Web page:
Sunday, April 26, 2009

The tabernacle

In one of our Bible classes at the church, we are studying God's revealing of the plans for the tabernacle to Moses. One point that is very clear is that God's plan were very specific. In Exodus 25-27, the instructions covered every little measurement and detail Moses needed to construct God's house. God was gracious because He told them everything they needed to know to please Him. There was no need to guess!

The same is true today. Hebrews 8:5 says, "Who serve unto the example and shadow of heavenly things, as Moses was admonished of God when he was about to make the tabernacle: for, See, saith he, that thou make all things according to the pattern shewed to thee in the mount." This context speaks of His church. God wants to bless us, and He graciously shows us what we need to be to please Him, whether it be doctrine, name, organization, worship, or terms of entrance. Everything has been revealed (2 Peter 1:3).

If we will just do what He tells us to do, we will be blessed and we will be saved. Our God wants to bless us, and we pray that you will do what God wants you to do. If you would like, please contact us for further study.

Kyle Campbell

Monday, April 20, 2009

Baptism and the blood of Christ

Jesus said in Luke 22:20, "This cup is the new testament in my blood, which is shed for you." From this verse, we are taught that His blood has established what we called the New Covenant. Jesus is the mediator of this covenant (Hebrews 9:15), and just as the first covenant was established with blood (Exodus 24:8), so was this New Covenant (Hebrews 9:18-26).

When you look in the New Testament, it is not difficult to see the many functions of the blood of Christ. It justifies us (Romans 5:9), forgives us (Ephesians 1:7), redeems us (Colossians 1:14), cleanses us (1 John 1:7), and washes us (Revelation 1:5).

How do we come in contact with the blood of Christ? His blood is contacted through baptism. Through baptism we are buried with Him into His death (Romans 6:3-4; Colossians 2:12). Since baptism washes away our sins (Acts 22:16), and puts us into Christ (Galatians 3:27), it is easy to see how it accomplishes the purpose of connecting us with His blood. If you want to be saved, there is more to it than just belief. Be immersed into water for the remission of your sins (Acts 2:38)!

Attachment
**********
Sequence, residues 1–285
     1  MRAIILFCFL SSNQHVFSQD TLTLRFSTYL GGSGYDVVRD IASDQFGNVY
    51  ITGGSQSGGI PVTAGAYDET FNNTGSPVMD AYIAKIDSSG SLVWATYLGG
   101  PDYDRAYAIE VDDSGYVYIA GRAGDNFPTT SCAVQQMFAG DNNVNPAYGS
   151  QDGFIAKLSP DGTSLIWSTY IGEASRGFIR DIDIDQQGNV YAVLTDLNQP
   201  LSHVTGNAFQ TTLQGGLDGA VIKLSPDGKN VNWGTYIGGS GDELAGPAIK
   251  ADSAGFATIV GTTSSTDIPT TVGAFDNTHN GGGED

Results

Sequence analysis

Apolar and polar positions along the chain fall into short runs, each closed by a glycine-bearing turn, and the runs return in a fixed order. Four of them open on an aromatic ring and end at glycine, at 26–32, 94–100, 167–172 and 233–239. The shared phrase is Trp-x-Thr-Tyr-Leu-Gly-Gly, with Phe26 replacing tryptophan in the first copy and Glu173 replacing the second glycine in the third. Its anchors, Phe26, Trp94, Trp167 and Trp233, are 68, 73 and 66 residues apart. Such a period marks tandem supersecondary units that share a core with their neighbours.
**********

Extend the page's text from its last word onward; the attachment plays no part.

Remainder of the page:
Kyle Campbell

Wednesday, April 15, 2009

Will you make it to heaven?

It depends on if you live your life faithfully. Revelation 20:11-15 describes the judgment which will occur at the end of time. At that time, the "dead, small and great" will stand before God. The book of life will be opened and our works will be judged.

When people are entered into contests, they are graded or evaluated as to whether they can do what they do perfectly. Thankfully, we don't have to live perfectly. God knows that we will sin (Romans 3:23). If we obey the gospel and do His will, we have the opportunity to be saved and have our sins forgiven (Acts 8:22; 22:16; 1 John 1:9). Thanks be to God for His grace and mercy (Hebrews 8:6-12)!

Kyle Campbell

Monday, April 13, 2009

Where do wars and fights come from?

James writes in a debate-like style. After his basic introduction, James starts right in with stating problems and saying what needed to be said to fix the problems. In chapter two it was showing partiality. In chapter three, it was the tongue. Now in chapter four he will address the subject of conflict itself. Why do men choose to sin and put themselves against God or as James writes, "Where do wars and fights come from among you?" These conflicts could be between man and man or they could be between man and God. The answer is still the same, "Do they not come from your desires for pleasure that war in your members?" (James 4:1).

James uses two different words to describe the conflicts in question. The first word, translated "wars," originally defined a prolonged conflict that included all the smaller, individual battles. For example, this word could describe the American Revolution and it would include the Battle of Lexington and the Battle of Yorktown. The second used, translated "fights," is a description of a single battle. Using our same example above, this word would describe the Battle of Lexington or the Battle of Yorktown, but not both. By using both words, James is including any and all types of conflict. It includes a heated exchange between family members or the rivalry that over time would split a congregation. One problem or the entire series of conflicts all are started by the same source, the pleasures that war in the body.